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Despicable Me 2
Genre Animation
 
Review:

They said it couldn't be done. They were wrong. Who are 'they'? Who cares... Despicable Me 2 is even better than the first one. When Steve Carell... erm, Gru was interviewed on The Ellen DeGeneres Show, it seemed that they were A. trying to resuscitate a turkey with a desperate publicity stunt or B. had such a solid film on their hands that they were able to go over and above the call of duty.

Gru returns... having hung up his evil boots in favour of making bottled jelly to spend more time with his adopted girls. When the Anti-Villain League traces a new super criminal to a local mall, Gru is recruited to weed him out with the help of crime-fighting agent and potential love interest, Lucy.

At the time of its release, Despicable Me seemed like a knee-jerk reaction to Meet the Robinsons. The villains, quirky family dynamics, futuristic gadgets and gizmos... there were loads of parallels. However, what we might not have realised is that many of these qualities are also shared with live-action spy spoof, Austin Powers. Throw in a little quirky Modern Family warmth and "Hey presto!", you've got yourself, Despicable Me 2.

It's quite rare for a sequel to trump an original, but there's obviously a lot of love behind Despicable Me, the flagship franchise for Illumination Entertainment. After the first one, the production company toyed with the world of Dr. Seuss by stretching The Lorax into a feature, but Despicable Me is as foundational as Toy Story is to Pixar. As such, the sequel does everything the original does... just better, with more of a focus on the expendable Lemming gibberish that is the minions.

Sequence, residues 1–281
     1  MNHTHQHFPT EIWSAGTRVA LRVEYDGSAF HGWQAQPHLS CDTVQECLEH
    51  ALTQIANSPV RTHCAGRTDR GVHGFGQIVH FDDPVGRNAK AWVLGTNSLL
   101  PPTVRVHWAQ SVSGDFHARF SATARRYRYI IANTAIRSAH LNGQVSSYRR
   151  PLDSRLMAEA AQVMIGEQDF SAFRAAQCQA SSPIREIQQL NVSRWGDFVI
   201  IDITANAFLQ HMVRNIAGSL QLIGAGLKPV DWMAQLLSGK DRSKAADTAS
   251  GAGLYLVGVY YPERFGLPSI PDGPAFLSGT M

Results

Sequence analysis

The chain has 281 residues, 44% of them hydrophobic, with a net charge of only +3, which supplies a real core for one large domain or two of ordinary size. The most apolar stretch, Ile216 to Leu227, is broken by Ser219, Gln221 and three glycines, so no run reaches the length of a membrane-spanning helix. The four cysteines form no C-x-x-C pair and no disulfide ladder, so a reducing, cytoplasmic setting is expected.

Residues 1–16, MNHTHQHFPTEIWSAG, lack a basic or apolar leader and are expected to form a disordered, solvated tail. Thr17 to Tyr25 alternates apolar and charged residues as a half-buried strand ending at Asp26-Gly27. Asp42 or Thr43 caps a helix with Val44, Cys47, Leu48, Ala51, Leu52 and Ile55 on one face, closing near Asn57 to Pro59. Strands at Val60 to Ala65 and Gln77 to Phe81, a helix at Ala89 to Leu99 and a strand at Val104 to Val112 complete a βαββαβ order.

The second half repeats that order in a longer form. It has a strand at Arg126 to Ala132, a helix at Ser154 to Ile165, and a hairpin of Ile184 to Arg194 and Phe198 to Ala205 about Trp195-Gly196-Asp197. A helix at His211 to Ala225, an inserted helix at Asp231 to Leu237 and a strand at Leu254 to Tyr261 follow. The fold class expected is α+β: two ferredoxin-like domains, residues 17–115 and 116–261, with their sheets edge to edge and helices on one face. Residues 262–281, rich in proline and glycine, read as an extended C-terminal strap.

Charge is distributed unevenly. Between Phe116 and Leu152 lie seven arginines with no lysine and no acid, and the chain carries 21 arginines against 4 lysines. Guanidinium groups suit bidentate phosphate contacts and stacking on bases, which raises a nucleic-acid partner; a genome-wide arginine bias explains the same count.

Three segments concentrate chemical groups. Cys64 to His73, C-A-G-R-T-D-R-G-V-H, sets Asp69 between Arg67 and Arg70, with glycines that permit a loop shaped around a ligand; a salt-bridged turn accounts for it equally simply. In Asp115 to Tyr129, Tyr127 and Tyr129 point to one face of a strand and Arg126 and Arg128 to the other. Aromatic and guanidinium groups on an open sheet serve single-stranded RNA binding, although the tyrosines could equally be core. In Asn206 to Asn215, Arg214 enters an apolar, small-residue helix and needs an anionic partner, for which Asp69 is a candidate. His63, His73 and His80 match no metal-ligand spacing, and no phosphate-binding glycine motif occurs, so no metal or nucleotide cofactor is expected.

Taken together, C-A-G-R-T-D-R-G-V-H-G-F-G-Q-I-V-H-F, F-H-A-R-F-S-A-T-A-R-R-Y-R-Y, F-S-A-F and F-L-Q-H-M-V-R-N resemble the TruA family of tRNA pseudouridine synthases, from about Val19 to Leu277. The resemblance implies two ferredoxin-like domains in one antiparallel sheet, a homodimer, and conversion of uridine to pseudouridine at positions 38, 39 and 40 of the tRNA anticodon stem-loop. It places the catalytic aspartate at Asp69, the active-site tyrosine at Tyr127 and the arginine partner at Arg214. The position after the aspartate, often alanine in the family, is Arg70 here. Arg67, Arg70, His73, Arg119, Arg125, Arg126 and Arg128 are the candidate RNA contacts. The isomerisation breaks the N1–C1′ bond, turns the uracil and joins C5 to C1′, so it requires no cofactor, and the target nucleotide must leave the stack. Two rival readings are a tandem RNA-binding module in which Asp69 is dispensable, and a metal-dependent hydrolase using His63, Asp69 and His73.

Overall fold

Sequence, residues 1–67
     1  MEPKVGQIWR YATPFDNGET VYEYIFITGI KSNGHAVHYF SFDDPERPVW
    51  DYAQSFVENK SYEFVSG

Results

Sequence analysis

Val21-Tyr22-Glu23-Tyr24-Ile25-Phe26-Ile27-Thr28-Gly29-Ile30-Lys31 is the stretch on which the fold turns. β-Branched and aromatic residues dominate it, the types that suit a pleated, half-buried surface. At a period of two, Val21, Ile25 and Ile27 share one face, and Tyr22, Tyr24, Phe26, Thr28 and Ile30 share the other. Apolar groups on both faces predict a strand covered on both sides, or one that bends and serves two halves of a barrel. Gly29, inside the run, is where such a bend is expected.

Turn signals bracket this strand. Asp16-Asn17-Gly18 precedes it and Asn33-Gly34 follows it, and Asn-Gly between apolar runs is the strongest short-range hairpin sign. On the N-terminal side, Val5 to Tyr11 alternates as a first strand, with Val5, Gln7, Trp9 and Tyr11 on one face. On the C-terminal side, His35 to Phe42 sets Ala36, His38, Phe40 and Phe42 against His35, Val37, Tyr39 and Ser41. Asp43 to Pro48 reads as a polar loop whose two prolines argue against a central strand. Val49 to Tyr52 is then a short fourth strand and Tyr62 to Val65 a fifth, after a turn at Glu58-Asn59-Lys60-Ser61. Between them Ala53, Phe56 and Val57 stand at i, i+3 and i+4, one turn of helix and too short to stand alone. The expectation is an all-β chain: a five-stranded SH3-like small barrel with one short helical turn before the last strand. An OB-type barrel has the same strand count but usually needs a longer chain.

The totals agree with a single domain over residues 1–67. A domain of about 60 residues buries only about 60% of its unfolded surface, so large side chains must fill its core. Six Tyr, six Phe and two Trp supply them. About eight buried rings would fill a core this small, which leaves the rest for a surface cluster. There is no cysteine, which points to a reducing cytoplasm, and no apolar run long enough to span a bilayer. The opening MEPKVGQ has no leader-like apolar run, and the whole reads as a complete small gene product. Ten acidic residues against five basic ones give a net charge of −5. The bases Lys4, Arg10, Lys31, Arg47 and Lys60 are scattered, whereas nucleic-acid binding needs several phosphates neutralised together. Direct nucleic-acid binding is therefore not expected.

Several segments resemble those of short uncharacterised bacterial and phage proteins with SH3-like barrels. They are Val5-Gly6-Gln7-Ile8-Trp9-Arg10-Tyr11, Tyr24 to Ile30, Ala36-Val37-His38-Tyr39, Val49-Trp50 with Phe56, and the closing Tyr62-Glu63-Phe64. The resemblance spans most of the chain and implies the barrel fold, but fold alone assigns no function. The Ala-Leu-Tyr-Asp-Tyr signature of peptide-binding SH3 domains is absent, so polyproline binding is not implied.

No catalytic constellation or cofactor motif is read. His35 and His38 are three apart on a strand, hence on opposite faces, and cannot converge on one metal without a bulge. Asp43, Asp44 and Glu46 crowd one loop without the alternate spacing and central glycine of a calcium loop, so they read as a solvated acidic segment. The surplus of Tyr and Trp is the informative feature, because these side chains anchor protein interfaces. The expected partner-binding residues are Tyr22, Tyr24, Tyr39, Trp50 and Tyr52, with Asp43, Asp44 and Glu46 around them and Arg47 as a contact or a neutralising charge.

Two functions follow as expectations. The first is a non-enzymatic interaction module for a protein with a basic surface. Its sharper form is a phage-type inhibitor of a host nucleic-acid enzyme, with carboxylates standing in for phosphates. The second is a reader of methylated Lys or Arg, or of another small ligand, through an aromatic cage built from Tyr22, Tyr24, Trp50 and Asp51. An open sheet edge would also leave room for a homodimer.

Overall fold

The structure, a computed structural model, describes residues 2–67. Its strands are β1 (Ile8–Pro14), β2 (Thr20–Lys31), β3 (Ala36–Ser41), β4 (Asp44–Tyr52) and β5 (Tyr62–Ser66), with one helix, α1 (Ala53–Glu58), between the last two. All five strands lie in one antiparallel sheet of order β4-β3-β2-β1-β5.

Steve Carell is wonderful as the voice of Gru, maintaining the Eastern European accent and effecting some great lines and heartwarming moments in the process. He's supported by Kirsten Wiig as the sharp and savvy Lucy, his "wing-woman", whose quirkiness and resourcefulness come in handy. While Benjamin Bratt voices the foot-tapping, chest-pounding yet alluring Eduardo with great verve.

Gru's soul-searching formed the basis for the first Despicable Me, but he's more of a ringmaster in the sequel. The real star of Despicable Me 2 is not human, but humanoid. The collective of yellow minions were a smash hit as an army of living props in Despicable Me and the film-makers have given them even more responsibility in the comedy, story and even music department in the sequel. So much so, that they've earned their own spin-off movie, Minions, scheduled for 2014.

Despicable Me 2 has a similar feel to the award-winning, Puss in Boots, a spin-off from Shrek. Both films have an emphasis on feel good fun and feature: a solid voice cast, quick pacing, smart writing, sharp animation, imaginative visuals and a cataclysmic plot that seems to spiral out of control. While Puss in Boots thrived in the world of fairy tales, Despicable Me 2 takes espionage and villains to the next level of hilarity.

It's the sort of in-the-moment, family-friendly, feel good fun that can be watched a couple of times with just about anyone. Great espionage gags, a limitless supply of minions and buckets of silly are reeled in by charming voice performances and some fuzzy, heartwarming moments. Sure, there's not much substance to it and it's more of the same, but when you're armed with entertainment this enjoyable, you can't go wrong.

The bottom line: Entertaining

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